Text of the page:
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Brain’s movement control centre may have had key role in our evolution

cerebellum

The cerebellum may have had a larger role in human evolution than once thought

KATERYNA KON/SCIENCE PHOTO LIBRARY

The key to human evolution may have been at the back of our minds all along – literally. Some of the biggest biochemical differences between human brains and those of other primates are found in the cerebellum, a region at the rear of the brain that has often been overlooked in evolutionary studies.

The finding adds to growing evidence that changes to the cerebellum have been crucial for the origin of the human mind.

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All backboned animals have a cerebellum, which is involved in controlling movement.

“It’s not really associated with much that’s uniquely human,” says Elaine Guevara at Duke University in North Carolina. Instead, neuroscientists seeking to explain the evolution of our brains have tended to focus on the cortex, the thick outer layer of the forebrain – especially the prefrontal cortex, which underpins our ability to consciously decide what to do.

In recent years, some neuroscientists have argued that the cerebellum has changed more than thought during human evolution, and that these changes may have been crucial.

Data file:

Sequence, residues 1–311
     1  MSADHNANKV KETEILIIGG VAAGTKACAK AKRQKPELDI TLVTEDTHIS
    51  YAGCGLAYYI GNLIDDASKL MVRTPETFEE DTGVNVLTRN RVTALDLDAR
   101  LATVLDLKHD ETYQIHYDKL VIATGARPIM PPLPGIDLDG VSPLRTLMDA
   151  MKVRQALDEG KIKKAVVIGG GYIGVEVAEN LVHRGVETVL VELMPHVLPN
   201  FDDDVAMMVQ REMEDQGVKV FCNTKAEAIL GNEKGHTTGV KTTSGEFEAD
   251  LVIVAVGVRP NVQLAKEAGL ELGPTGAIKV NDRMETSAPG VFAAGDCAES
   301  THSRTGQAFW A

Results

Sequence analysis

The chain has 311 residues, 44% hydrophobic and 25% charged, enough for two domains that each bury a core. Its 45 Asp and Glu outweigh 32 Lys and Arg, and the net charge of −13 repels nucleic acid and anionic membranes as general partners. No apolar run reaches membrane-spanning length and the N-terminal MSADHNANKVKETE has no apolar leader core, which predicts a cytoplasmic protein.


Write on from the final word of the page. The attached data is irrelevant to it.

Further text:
Guevara and her colleagues studied the cerebellum and prefrontal cortex at the molecular level. They took brain samples from humans, chimpanzees and monkeys called rhesus macaques, and extracted DNA from both brain regions.

The team looked to see which parts of the DNA had small molecules called methyl groups attached. Methylation is an example of a so-called epigenetic influence on our genes. Patterns of methylation reflect which genes have been active and inactive during an animal’s life, and they vary between body parts and between species.

Guevara’s team found that the pattern of methylation in human DNA was different to that in chimps and macaques. Crucially, the difference between species was greater in the cerebellum than in the prefrontal cortex, suggesting there had been more changes there during our evolution.

It isn’t clear what the methylation changes did, says Guevara. But there are intriguing clues. Some of the genes where the cerebellar methylation patterns were different are known to be involved in changing the strengths of the connections between neurons, a process thought to be important for learning.

Some of these are also associated with neurodevelopmental differences such as autism and neuropsychiatric conditions such as schizophrenia, both of which may be unique to humans or at least more common in humans, says Guevara.

Journal reference: PLoS Genetics, DOI: 10.1371/journal.pgen.1009506

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